The American Reporter: How an I.T. worker can move to the UAE in 2023. Personal experience of Digital Nomad visa application

Hi, my name is Angelina and I am a remote QA engineer. The day has come when I also have something to share with the community. This is a fragment of the story of my move to the UAE, which happened quite recently - this summer. In this article, I will describe step-by-step the process of applying for a digital nomad visa. I hope my experience will be useful for those who are also considering this country.

After the outbreak of a full-scale war, the issue of relocation became a hot topic for many. I was no exception. After a few involuntary months spent in the Czech Republic, I decided to change my country of residence, primarily for the sake of a new experience. Besides, I wanted to be able to practice my English, because I often need it in my work. After weighing all the pros and cons, I decided to move to Dubai, especially since the office of TAMGA, for which I have been working remotely for several years, has been located there since 2018.

The most important task was to apply for a visa that allows you to live in the country while working remotely. This will require obtaining a Remote Employment (Virtual Work) type resident visa. This is how this type of visa is called on the website of the General Directorate of Residency and Foreigners Affairs. But before I explain the steps, I will list the benefits of this visa and the annual Emirates ID that residents receive with it.

What’s the deal?

- The right to live in the UAE for 1 year (without reference to the emirate where the visa is issued), after which the process can be repeated an unlimited number of times, annually renewing the documents. It is important that in order to retain the status of a resident outside the Emirates, one can stay outside the Emirates for no more than 180 consecutive days.

- The ability to open a full-fledged account in a local bank, get a card, checkbook, and also take loans there.

- The right to legally work for an employer in any country of the world and not to pay any additional taxes.

- The ability to rent a home on a long-term basis, get a local SIM card, buy a car, and use local government online services, including obtaining a driver's license and registering a car. These and many other things are not available to foreigners without residency status.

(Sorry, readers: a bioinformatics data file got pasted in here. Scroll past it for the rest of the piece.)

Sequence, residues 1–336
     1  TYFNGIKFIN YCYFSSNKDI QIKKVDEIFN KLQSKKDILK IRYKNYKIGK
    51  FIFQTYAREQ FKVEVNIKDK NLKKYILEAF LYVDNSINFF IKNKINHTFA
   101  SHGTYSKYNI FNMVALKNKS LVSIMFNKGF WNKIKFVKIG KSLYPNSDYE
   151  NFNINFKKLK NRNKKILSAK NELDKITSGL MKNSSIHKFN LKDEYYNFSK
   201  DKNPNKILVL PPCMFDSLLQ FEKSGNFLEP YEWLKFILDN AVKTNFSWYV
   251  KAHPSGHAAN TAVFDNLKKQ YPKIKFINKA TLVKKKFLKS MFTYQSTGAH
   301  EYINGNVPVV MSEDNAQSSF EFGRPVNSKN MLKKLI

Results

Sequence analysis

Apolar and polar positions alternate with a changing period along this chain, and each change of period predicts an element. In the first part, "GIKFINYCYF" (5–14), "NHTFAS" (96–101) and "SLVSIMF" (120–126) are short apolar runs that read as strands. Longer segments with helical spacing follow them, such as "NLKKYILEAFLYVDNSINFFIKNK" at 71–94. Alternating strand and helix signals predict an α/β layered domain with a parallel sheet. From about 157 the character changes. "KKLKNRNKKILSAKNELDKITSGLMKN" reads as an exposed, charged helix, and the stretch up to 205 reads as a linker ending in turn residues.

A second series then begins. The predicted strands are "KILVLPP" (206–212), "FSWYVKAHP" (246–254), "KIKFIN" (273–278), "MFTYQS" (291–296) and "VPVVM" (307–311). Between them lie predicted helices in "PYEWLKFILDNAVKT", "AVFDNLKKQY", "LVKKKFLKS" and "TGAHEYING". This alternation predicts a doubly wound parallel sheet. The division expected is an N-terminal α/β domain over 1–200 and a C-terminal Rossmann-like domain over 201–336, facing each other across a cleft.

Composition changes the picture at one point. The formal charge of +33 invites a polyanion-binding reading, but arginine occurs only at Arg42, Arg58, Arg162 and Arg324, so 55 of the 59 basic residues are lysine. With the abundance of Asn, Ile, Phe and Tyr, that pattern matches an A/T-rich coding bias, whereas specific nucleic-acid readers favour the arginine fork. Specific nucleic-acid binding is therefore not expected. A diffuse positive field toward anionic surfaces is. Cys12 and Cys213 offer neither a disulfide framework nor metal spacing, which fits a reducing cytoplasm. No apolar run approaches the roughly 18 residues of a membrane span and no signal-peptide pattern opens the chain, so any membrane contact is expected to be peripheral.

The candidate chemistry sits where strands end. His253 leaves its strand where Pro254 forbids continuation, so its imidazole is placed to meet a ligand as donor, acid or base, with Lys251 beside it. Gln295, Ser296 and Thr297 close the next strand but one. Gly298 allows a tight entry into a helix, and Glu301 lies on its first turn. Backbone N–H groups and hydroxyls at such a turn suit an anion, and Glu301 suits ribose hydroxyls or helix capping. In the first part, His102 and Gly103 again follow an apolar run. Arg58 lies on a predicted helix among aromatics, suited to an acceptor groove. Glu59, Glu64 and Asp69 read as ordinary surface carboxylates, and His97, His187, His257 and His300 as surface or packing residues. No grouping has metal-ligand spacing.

- With an Emirates ID, you can bring your family to the UAE, enroll your children in a local school, and even obtain a business license.

What will you need to apply for Virtual Work Residence:

- A passport that expires in no less than six months.

- Proof of income equivalent to $3,500. Need to take a bank statement on the flow of funds for the last 3 months and a note from work (or contract in my case), which states that the employee works in a remote format.

- Health insurance valid in the Emirates. It is better to get it in the UAE, as standard insurance, which is enough for tourist purposes, may not be suitable. In addition, it should cover the entire expected time of stay in the country, i.e. it should be valid for at least a year.

- Medical test. Taken in Dubai, foreign medical statements are not required and will not be accepted.

- Color photo on a white background and money to pay the fees.

All documents are needed digitally (pdf scans) and, of course, in English or in a notarized translation. Only a paper version of the passport will be required.

Registration process step by step

1.   You can apply for a New Virtual Work Entry Permit (entry permit with the right to work online) independently on the website (in the relevant section) or in person at an AMER office - the structure that deals with visa and residency issues. I would like to point out that you can apply online even before arriving in the UAE to reduce waiting time and save money. Yes, the fee for online filing will be less than in person. At the time of my filing, it was about 375 AED ($100) online and three times as much offline.